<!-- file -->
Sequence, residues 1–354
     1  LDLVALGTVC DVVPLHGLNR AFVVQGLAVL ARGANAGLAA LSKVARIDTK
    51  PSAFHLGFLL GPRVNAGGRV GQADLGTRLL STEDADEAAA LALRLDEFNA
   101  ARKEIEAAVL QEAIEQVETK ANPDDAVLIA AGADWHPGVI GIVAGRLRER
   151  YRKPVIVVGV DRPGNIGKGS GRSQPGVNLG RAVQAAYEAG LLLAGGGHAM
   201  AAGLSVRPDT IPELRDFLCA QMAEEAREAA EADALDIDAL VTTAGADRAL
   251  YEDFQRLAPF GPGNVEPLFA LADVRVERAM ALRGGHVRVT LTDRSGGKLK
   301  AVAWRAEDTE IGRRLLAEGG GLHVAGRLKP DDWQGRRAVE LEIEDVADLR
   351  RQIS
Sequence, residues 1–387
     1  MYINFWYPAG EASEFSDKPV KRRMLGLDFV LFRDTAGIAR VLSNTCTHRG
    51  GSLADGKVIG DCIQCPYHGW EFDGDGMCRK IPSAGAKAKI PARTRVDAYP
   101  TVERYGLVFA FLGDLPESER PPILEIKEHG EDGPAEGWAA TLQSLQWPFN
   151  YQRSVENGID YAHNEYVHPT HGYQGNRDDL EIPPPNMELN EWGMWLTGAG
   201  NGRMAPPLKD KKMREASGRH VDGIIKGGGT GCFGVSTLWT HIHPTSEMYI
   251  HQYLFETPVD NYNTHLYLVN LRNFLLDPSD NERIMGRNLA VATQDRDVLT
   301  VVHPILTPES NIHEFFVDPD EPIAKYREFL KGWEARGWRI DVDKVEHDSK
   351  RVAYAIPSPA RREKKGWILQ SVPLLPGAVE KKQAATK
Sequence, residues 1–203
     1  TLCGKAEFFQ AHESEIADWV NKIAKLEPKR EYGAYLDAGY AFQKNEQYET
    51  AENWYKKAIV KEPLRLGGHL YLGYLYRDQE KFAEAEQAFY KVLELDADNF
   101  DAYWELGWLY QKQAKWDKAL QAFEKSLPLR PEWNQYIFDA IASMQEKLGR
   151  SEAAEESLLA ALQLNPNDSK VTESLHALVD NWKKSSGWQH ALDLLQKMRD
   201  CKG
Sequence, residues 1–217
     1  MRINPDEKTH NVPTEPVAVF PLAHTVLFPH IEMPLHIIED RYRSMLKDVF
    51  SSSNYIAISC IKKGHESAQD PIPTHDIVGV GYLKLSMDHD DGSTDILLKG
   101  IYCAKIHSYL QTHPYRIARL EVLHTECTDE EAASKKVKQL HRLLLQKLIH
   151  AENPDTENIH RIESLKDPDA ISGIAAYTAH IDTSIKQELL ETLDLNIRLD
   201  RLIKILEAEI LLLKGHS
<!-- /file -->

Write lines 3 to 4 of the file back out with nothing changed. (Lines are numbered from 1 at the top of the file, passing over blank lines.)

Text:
    51  PSAFHLGFLL GPRVNAGGRV GQADLGTRLL STEDADEAAA LALRLDEFNA
   101  ARKEIEAAVL QEAIEQVETK ANPDDAVLIA AGADWHPGVI GIVAGRLRER